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VR Interfaces: Fogscreen


Overview of Fogscreen
Fogscreen is a holoprojection method that utilises a layer of artificially fogged air as a display screen for projected content. It in effect, creates a cascading curtain of wet air that can be walked through whilst displaying moving, bright, images.

The projection system uses a thin curtain of micro-droplets, hemmed in both front and back by a constant stream of downward moving air, generated by the projection system. This sandwiching, turbulence-free airflow actually stabilises the fog layer, reducing flickering. Additionally, it constrains the fog, keeping the particles to a thin area, thin enough that people can walk through it, without getting wet.

The system itself is a rear projection system with the actual projection system being behind the curtain of fog particles, projecting its images onto them. Objects such as people between the projector and the screen will thusly damage the image projection. Additionally because of the scattering effect of the moving water droplets, in order to obtain good images content should employ bright colors, high contrast images, and motion.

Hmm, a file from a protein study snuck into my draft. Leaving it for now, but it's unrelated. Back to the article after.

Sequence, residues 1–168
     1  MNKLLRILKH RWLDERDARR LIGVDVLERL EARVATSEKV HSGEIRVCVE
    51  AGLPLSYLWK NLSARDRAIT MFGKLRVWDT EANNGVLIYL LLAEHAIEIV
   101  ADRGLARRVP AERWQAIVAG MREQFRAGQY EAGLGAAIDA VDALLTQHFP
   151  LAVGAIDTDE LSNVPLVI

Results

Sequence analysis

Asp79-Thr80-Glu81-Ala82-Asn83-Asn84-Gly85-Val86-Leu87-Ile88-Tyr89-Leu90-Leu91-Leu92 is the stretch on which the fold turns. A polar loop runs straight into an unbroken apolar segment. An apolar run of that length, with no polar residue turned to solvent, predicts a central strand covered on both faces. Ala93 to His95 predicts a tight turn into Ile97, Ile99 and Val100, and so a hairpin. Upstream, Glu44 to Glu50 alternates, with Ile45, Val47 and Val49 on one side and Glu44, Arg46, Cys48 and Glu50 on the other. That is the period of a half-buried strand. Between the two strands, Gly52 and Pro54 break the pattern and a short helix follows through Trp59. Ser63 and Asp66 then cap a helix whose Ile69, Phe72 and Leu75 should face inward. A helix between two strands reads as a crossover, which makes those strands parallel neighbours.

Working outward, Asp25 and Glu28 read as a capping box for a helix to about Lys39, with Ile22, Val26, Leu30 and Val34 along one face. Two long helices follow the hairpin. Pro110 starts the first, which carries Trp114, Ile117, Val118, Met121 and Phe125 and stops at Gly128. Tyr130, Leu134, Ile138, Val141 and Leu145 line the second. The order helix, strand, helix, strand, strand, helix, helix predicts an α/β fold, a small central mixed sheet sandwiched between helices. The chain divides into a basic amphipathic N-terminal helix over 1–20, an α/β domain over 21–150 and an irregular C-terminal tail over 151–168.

Like most such systems, Fogscreen does not handle black well, so a black backdrop seen behind and through the fogscreen is advised by the company to maintain a crispness of image.

First created in 2002, and only having entered commercial production in 2005, the Finnish system is primarily a rented one, and has been used for conferences, business events and theme parks across the globe, gathering an impressive resume in six short years. It is available for purchase, but few smaller organisations have the resources necessary to house and maintain the system, which requires significant technical skill.

Gesture trackers for interaction with Fogscreen, allowing users to change and manipulate data it displays, do work, but only if the gesture recognition system uses infra-red, to which the fog is invisible. Laser or sonic wave based triangulation systems do not work close to the fog, as the sound waves trigger turbulence and laser light is scattered.


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